* New photo on Photospecial page: potted Ginkgo in fall colours.
* Added photos of Ginkgo trees 5th Avenue NYC, Washington Square Park and Philadelphia on Where-page and Empire State building and Ginkgo tree.
* Added on Propagation-page: video of deer eating Ginkgo seeds in Japan.
* Added spherical panorama photo of Hiroshima Ginkgo at Hosen-Ji.
* Added Art-page Picture gallery: work by Tom Phillips  A Humument Page 297 + Portrait of Iris Murdoch.
* New Photo on Photospecial page: Ginkgo trees in Bologna, Italy.
*Added new Ginkgo bonsai photo.
* Added new theory about the spelling of Ginkgo: on my Name-page.
* Added on Literature-page and Dalou-page: book The  Subtropical  Vegetation of Southwestern China by Cindy Q. Tang (contains chapter Dalou Mountains).
* New topic: The Ginkgo Tweets: 2000+ followers on Twitter!
* New supersized photos on my Photospecial page: Ginkgo huttonii fossil leaves.
* New supersized photo on my Photospecial page: Spring: my seedlings are alive!
* New supersized photo on my Photospecial page: Snow covered Ginkgo tree.
* Added: Asteroid Ginkgo to Name-page.
* New topic: Asteroid Ginkgo.
* New supersized photo + video on my Photospecial page: 4 Ginkgo trees, planted c. 1882, Strasbourg in France.
* Added new photo of female tree: leaves fall before the seeds.
* New topic: Contributions by Peter del Tredici, Harvard University.
* New topic: Story about the Ginkgo at Hellekis manor, Kinnekulle, Sweden.
* Added special page on Bonsai-page with dwarf (penjing) Ginkgo trees from China, photos by James Wilkins.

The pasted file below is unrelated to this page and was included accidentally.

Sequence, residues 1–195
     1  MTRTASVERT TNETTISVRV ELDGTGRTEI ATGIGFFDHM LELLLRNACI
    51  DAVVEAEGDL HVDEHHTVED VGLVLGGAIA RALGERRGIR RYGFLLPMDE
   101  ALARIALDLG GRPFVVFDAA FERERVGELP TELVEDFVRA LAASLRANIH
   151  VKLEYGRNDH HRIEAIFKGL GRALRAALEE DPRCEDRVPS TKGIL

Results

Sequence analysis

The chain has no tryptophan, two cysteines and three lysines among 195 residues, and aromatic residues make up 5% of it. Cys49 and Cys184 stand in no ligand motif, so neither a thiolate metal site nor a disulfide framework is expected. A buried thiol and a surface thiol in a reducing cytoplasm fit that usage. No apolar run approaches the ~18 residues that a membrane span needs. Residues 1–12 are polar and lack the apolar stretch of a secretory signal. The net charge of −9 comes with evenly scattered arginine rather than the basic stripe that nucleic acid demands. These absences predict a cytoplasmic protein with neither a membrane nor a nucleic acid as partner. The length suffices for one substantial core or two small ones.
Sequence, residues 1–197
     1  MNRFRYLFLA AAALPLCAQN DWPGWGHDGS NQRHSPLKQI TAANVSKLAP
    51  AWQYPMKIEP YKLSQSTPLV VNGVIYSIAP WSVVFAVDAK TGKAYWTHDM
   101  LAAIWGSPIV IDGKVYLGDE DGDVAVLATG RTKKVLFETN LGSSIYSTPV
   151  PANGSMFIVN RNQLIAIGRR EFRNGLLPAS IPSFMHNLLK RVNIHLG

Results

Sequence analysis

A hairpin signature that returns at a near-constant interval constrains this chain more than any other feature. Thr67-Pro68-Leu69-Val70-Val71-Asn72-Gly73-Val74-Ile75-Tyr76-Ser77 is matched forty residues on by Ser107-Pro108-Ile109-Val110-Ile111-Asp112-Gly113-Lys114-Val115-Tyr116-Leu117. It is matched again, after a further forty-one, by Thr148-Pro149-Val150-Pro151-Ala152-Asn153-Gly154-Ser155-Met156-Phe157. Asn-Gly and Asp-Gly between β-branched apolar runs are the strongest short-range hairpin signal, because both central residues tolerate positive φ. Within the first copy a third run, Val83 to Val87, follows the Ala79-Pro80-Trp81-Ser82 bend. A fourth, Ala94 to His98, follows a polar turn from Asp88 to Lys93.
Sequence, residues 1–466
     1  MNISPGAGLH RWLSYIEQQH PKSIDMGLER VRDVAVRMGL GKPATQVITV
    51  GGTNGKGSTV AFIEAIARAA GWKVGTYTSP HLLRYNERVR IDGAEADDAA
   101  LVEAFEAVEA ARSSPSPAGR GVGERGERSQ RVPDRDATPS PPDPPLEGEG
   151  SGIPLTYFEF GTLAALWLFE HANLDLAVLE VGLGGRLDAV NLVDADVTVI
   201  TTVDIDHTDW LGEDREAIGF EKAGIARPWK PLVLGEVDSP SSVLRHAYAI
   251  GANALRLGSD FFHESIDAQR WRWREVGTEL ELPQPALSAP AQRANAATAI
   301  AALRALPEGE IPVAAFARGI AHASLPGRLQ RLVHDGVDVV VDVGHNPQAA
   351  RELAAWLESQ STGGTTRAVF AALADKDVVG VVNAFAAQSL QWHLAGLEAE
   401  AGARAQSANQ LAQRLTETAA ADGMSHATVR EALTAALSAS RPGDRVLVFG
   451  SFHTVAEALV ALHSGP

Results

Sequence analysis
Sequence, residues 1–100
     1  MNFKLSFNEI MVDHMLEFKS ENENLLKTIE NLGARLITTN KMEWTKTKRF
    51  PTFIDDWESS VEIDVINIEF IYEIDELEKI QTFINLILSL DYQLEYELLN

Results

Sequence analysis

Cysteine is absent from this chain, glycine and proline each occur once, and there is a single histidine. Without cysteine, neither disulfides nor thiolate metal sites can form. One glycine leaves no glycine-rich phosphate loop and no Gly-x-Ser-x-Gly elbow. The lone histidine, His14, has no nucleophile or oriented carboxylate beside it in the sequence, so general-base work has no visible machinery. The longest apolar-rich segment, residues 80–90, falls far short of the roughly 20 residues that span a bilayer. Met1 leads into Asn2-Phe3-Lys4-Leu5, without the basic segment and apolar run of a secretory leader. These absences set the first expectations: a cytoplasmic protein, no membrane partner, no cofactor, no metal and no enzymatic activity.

* New topic: Oliver Sacks: Night of the Ginkgo (The New Yorker).

I don't mention minor updates here. Not all changes are updated on the German/French/Dutch summaries.

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Ginkgo tree almost immortal study reveals
The Ginkgo tree can live more than 3,000 years. Now researchers published an article that reveals the mechanisms that make Ginkgo survive so long by comparing very old and young Ginkgos in China.

Ginkgo tree almost immortal. Picture article PNAS
Most plants eventually reach senescence (biological aging). Genes responsible for that life phase weren’t any more active in the oldest Ginkgo specimen. Antioxidants and antimicrobials to stay healthy appeared to be just as active in the old Ginkgo trees as they were in the young ones, as were genes related to the Ginkgo immune system.
"There’s no end point in their ability to keep growing," says Rick Dixon, a biochemist at the University of North Texas and co-author of the paper. "The immune system in these trees, even though they’re 1,000 years old, looks like that of a 20-year-old.

From the article:
"Our results reveal that long-lived trees have evolved compensatory mechanisms to maintain a balance between growth and aging processes. This involves continued cambial divisions, high expression of resistance-associated genes, and continued synthetic capacity of preformed protective secondary metabolites."

Article:Li Wang et al. Multifeature analysis of vascular cambium cells reveal longevity mechanisms in old Ginkgo biloba trees. PNAS, January 2020.

Long-term stable refugia for relict plant species in East Asia 
The long-term stable refugia of southwestern China and northern Vietnam conserve ancient lineages, in many cases lineages that became extinct before and during the Last Glacial Maxim in North America and Europe, but persisted to the present in East Asia. 
In an article in Nature Communications of October 26, 2018 Cindy Q. Tang et al. map the abundance and distribution patterns of relict species ("survivors"), showing high abundance in the humid subtropical/warm-temperate forest regions. 
One of the relict plant species is Ginkgo biloba.